Usually found in temperate world regions, everyone knows that the bite of the black widow spider can be very deadly; and to underscore how terrible they are, the female black widow spider can kill and eat up a male partner after mating.
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But there is more to learn about this venomous spider than its fatal bite and eating habits.
Scientists are now convinced they can identify a black widow spider just by analyzing the genetic material it usually leaves on its spun web, and use this DNA information to track it and analyze its relationship with pests it hunts and predators such as birds and lizards that also eat it.
Reporting their findings in the journal Plos One, researchers say DNA left on black widow spiders’ web can reveal a lot about what they eat last several weeks past. And the study can also be applied to monitoring endangered species of both spider and its preys.
The researchers were from the University of Notre Dame in Indiana, and they carried out their experiments with black widow spiders at the Potawatomi Zoo, also in Indiana. According to lead researcher Charles Xu who was able to extract the mitochondrial DNA of the spiders from their webs, he submitted that information about the spider and its prey can be obtained from DNA left on its web.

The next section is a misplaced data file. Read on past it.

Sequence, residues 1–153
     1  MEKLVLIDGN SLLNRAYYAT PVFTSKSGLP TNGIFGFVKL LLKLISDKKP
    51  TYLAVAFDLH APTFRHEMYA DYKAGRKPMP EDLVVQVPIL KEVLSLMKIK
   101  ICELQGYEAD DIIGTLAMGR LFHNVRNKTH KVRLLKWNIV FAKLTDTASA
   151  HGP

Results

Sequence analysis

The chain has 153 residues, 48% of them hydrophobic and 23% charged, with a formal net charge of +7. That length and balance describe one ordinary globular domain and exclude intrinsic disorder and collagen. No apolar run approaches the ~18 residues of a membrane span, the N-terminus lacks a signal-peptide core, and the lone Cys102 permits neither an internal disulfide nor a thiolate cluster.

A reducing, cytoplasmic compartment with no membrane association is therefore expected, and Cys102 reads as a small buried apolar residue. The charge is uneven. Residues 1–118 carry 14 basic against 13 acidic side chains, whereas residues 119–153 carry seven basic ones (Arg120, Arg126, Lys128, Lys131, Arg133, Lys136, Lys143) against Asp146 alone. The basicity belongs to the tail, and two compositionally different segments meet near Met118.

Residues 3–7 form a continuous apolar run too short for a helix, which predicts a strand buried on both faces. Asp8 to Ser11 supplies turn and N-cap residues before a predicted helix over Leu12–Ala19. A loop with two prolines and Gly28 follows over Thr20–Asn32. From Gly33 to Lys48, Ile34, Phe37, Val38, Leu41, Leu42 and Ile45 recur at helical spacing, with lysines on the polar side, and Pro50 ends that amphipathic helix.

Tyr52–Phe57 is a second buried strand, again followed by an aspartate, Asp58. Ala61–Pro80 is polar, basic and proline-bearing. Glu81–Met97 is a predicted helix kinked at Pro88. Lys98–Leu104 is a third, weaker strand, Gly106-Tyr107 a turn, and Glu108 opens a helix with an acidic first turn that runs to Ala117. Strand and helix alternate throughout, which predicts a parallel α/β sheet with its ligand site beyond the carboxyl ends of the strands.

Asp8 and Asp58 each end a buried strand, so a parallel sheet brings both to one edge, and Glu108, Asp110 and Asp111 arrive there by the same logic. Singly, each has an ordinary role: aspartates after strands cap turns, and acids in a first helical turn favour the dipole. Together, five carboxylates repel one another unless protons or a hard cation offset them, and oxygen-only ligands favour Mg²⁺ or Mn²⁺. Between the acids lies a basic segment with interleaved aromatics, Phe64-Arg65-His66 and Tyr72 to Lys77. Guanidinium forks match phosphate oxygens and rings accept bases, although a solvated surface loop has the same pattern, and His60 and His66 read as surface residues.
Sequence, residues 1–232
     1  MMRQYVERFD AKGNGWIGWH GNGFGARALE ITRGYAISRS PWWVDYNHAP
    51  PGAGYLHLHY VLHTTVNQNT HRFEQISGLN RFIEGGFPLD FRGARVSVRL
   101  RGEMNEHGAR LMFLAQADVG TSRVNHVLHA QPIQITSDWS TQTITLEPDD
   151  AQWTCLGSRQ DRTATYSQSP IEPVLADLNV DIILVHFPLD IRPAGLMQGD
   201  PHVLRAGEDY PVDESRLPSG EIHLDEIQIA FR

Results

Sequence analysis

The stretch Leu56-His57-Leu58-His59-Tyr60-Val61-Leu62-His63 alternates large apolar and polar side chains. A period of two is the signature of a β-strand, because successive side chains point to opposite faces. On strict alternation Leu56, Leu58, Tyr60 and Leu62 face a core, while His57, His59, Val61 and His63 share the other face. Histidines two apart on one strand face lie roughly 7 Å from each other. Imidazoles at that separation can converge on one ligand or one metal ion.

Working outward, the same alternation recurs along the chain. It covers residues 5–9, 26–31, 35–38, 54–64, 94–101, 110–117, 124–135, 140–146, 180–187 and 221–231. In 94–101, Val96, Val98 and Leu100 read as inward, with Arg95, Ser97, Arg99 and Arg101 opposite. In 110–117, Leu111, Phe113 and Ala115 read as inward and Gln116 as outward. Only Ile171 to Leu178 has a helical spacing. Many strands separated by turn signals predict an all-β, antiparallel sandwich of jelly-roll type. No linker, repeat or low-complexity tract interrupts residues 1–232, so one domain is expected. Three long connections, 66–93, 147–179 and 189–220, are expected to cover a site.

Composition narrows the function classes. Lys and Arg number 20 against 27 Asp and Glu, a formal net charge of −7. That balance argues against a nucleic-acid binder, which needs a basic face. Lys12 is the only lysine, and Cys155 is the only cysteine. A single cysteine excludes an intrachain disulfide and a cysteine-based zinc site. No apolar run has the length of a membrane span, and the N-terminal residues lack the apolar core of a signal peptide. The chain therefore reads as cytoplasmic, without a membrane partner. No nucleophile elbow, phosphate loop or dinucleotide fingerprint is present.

To this extent, scientists may not really need to capture spiders or its prey to study their DNA, a thorough analysis of its web will yield the required information about the spider and its prey.
"In the past, identification of spiders has relied on morphology, especially looking at the genitalia of spiders because they're very different between different species of spider," Xu explained.
"But there are a lot of errors associated with these kinds of methods and now with the advent of new genetic technologies we can more accurately identify these species,” he added. "The really cool part about our study is that we used non-invasive samples – so these web samples – where we don't even have to directly observe or capture these spiders to get their DNA."
Scientists think the DNA “fingerprints” of the black widow spider, and perhaps all spiders everywhere, might be good for tracking them for conservation reasons, and this might be useful to knowing the location of a poisonous spider or where it had lived before.
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The black widow spider is the most poisonous spider in North America, and the female is twice as large as the male. With its webs, it can lay a cocoon full of eggs and also use the same as trap to catch crickets, grasshoppers, flies, mosquitoes, caterpillars, and beetles among others.